Programming Languages Reading Group
Spring 2024


Augusta University Programming Languages (PL) Reading Group is a regular meeting to discuss exciting recent results in programming languages research. The intent of the group is to learn about various ideas and generally broaden perspectives on PL research topics. We randomly select papers from the major PL conferences. At the end of the semester we gather for a lively discussion, to recognize papers that best match our original and handcrafted award categories.

We meet weekly on Fridays, 2-3 pm in room UH 117 (Summerville).

We encourage everyone to join our reading group. Even if your primary focus is not PL, this is a chance to learn about various new topics that may become relevant to you later. It is also simply fun to hang out with us.

The PL Reading Group is a regular meeting of ΔΛΔ student organization.

Our tools for paper selection: plgroup on Github.

Coming Up Next

Spring 2024 Awards Gala

April 26, 12:00 PM - 2:00 PM

Semester Papers

  1. Schröer, Philipp, et al. “A Deductive Verification Infrastructure for Probabilistic Programs.” Proceedings of the ACM on Programming Languages, vol. 7, no. OOPSLA2, Oct. 2023, pp. 2052–82. Crossref, https://doi.org/10.1145/3622870.
  2. Andrici, Cezar-Constantin, et al. “Securing Verified IO Programs Against Unverified Code in F*.” Proceedings of the ACM on Programming Languages, vol. 8, no. POPL, Jan. 2024, pp. 2226–59. Crossref, https://doi.org/10.1145/3632916.
  3. Westrick, Sam, et al. “Entanglement Detection with Near-Zero Cost.” Proceedings of the ACM on Programming Languages, vol. 6, no. ICFP, Aug. 2022, pp. 679–710. Crossref, https://doi.org/10.1145/3547646.
  4. Grodin, Harrison, et al. “Decalf: A Directed, Effectful Cost-Aware Logical Framework.” Proceedings of the ACM on Programming Languages, vol. 8, no. POPL, Jan. 2024, pp. 273–301. Crossref, https://doi.org/10.1145/3632852.
  5. Wang, Jingbo, et al. “Synthesizing MILP Constraints for Efficient and Robust Optimization.” Proceedings of the ACM on Programming Languages, vol. 7, no. PLDI, June 2023, pp. 1896–919. Crossref, https://doi.org/10.1145/3591298.
  6. Heim, Philippe, and Rayna Dimitrova. “Solving Infinite-State Games via Acceleration.” Proceedings of the ACM on Programming Languages, vol. 8, no. POPL, Jan. 2024, pp. 1696–726. Crossref, https://doi.org/10.1145/3632899.
  7. Sun, Yican, et al. “Synthesizing Efficient Memoization Algorithms.” Proceedings of the ACM on Programming Languages, vol. 7, no. OOPSLA2, Oct. 2023, pp. 89–115. Crossref, https://doi.org/10.1145/3622800.
  8. Spiwack, Arnaud, et al. “Linearly Qualified Types: Generic Inference for Capabilities and Uniqueness.” Proceedings of the ACM on Programming Languages, vol. 6, no. ICFP, Aug. 2022, pp. 137–64. Crossref, https://doi.org/10.1145/3547626.
  9. Barthe, Gilles, et al. “On Feller Continuity and Full Abstraction.” Proceedings of the ACM on Programming Languages, vol. 6, no. ICFP, Aug. 2022, pp. 826–54. Crossref, https://doi.org/10.1145/3547651.
  10. Muller, Stefan K., et al. “Responsive Parallelism with Synchronization.” Proceedings of the ACM on Programming Languages, vol. 7, no. PLDI, June 2023, pp. 712–35. Crossref, https://doi.org/10.1145/3591249.
  11. Breitner, Joachim. “More Fixpoints! (Functional Pearl).” Proceedings of the ACM on Programming Languages, vol. 7, no. ICFP, Aug. 2023, pp. 686–710. Crossref, https://doi.org/10.1145/3607853.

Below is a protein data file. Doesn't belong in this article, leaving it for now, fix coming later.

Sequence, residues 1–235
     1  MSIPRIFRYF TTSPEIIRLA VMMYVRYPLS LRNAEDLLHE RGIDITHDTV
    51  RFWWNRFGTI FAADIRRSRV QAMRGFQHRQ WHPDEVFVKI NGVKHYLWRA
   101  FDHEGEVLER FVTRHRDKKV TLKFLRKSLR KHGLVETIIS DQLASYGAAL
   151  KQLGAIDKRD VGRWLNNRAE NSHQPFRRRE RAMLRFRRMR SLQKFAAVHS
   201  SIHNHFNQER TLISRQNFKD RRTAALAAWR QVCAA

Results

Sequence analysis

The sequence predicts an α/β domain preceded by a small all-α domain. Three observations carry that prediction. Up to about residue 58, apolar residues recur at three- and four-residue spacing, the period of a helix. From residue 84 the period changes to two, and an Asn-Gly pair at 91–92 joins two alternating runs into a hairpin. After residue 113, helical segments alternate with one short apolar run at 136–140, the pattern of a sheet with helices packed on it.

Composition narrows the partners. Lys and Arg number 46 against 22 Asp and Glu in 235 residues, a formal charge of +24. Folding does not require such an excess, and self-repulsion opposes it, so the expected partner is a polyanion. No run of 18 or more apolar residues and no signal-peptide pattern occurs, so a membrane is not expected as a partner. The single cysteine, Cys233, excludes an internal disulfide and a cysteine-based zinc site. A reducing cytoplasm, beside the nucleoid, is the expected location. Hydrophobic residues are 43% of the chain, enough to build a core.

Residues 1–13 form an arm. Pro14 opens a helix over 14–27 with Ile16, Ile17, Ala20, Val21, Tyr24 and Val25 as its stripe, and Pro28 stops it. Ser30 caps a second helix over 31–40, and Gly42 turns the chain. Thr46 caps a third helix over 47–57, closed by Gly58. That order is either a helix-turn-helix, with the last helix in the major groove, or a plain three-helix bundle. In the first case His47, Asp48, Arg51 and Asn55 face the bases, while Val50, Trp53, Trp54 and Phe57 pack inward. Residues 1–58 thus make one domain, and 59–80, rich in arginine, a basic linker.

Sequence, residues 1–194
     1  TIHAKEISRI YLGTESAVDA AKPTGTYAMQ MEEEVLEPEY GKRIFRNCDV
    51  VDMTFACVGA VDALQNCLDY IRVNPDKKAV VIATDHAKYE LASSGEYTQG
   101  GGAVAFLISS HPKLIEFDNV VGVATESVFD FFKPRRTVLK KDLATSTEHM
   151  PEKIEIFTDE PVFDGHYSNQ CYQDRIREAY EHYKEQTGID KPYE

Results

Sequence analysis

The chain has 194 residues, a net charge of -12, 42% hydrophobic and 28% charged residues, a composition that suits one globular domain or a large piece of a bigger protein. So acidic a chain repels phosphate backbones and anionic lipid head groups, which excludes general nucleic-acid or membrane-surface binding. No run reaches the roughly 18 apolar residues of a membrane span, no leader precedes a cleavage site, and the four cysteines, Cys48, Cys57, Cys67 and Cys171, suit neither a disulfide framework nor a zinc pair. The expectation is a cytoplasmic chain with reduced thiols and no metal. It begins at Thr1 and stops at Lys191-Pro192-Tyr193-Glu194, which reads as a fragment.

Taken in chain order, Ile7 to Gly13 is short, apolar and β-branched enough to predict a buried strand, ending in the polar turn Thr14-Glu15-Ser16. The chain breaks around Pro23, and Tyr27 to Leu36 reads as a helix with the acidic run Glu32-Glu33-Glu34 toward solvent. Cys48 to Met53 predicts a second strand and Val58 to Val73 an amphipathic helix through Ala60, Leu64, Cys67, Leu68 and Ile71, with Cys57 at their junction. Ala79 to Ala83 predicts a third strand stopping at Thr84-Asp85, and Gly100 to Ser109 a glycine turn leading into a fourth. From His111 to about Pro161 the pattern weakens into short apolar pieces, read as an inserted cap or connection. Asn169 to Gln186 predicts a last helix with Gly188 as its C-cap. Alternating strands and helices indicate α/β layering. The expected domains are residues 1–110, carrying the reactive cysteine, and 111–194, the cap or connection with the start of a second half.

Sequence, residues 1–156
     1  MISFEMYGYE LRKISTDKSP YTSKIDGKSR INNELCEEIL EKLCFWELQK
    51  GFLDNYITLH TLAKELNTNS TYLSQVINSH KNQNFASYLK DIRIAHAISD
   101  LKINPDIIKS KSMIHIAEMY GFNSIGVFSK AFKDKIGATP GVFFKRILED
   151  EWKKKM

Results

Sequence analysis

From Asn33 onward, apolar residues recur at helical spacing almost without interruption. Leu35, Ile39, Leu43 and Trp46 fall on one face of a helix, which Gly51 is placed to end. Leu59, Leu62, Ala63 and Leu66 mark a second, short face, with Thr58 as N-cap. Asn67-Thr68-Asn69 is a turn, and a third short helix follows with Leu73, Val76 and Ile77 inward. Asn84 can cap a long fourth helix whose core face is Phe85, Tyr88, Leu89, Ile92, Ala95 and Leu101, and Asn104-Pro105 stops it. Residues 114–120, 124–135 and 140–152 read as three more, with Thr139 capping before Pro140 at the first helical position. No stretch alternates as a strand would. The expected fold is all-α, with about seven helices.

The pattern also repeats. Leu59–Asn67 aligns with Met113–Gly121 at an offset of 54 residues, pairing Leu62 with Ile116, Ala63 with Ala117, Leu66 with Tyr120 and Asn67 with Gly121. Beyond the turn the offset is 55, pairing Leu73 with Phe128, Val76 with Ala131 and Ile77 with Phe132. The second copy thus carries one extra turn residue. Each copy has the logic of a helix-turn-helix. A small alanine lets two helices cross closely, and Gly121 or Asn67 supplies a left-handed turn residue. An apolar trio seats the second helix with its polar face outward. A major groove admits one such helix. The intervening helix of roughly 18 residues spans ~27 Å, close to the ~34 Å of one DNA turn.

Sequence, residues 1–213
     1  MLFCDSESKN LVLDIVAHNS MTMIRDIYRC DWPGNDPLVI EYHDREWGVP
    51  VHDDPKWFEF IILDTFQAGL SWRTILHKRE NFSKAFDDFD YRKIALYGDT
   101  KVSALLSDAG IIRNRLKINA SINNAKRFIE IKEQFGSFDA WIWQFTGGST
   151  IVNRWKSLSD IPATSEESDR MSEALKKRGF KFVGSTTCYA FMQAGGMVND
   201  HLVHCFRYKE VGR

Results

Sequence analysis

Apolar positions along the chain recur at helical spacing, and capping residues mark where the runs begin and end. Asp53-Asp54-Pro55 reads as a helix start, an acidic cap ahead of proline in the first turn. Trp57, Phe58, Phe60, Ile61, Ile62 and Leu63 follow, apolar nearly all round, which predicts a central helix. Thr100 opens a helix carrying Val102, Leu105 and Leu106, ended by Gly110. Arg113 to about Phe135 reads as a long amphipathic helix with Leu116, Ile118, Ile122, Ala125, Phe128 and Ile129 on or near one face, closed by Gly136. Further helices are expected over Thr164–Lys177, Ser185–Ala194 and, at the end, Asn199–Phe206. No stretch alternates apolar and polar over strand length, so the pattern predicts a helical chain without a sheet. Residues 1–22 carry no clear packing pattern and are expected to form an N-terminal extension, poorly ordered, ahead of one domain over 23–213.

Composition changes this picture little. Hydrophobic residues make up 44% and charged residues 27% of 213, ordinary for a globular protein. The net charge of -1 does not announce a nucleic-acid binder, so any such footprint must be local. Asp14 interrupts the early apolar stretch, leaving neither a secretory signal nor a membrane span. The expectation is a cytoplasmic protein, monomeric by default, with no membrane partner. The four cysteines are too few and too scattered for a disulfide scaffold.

Awards

Spring 2024 Award Categories

The Hat-Trick

In sports, a hat-trick describes three positive feats in a single match. In PL, a hat-trick is a combination of three spectacular qualities in a single paper (main idea, writing, examples, visuals, evaluation, polished presentation, etc.). The winner of the hat-trick is a paper that best captures this quality.

Who Woulda Thunk It

Imagine yourself at your desk, head in your hands after what seemed like an eternity of brainstorming and problem-solving, only to realize that the solution to your problem was incredibly simple. This award is for the paper that best captures this feeling, that is, proposes a surprisingly simple solution to a problem that seems utterly massive in scale.

🚧[UNDER CONSTRUCTION]🚧

This award is for the paper that, however promising the contents are, feels unfinished and somewhat half-baked, as if the ideas and concepts within are still under construction.

An Experience Like No Other

For a paper that most feels like it could have come from Augusta University.

Chicken Scratch

Sometimes a great paper is ruined by a small detail. it’s even worse when this is something that the reviewers could have caught, and especially so if bad choices introduce unnecessary complexity. worst of all though, is when bad mathematical notation makes an otherwise good paper impenetrable. this award goes to the paper with the worst notational choices.

Homework Required

This award is for a paper that is very understandable and readable at first glance, before suddenly blindsiding you with the necessity to read thousands of papers of background to understand anything.

The “That’s cool! But why tho?”

This award is for the paper that wows you with its cleverness and innovation, presenting a concept so slick it slides right off the practical path. It’s the paper that leaves you applauding the performance while quietly wondering, “That’s genius, but what’s it actually for?”

Two’s Complement

Two complementary papers that form a third idea/paper from their two parts.

Past Semesters

School of Computer and Cyber Sciences Augusta University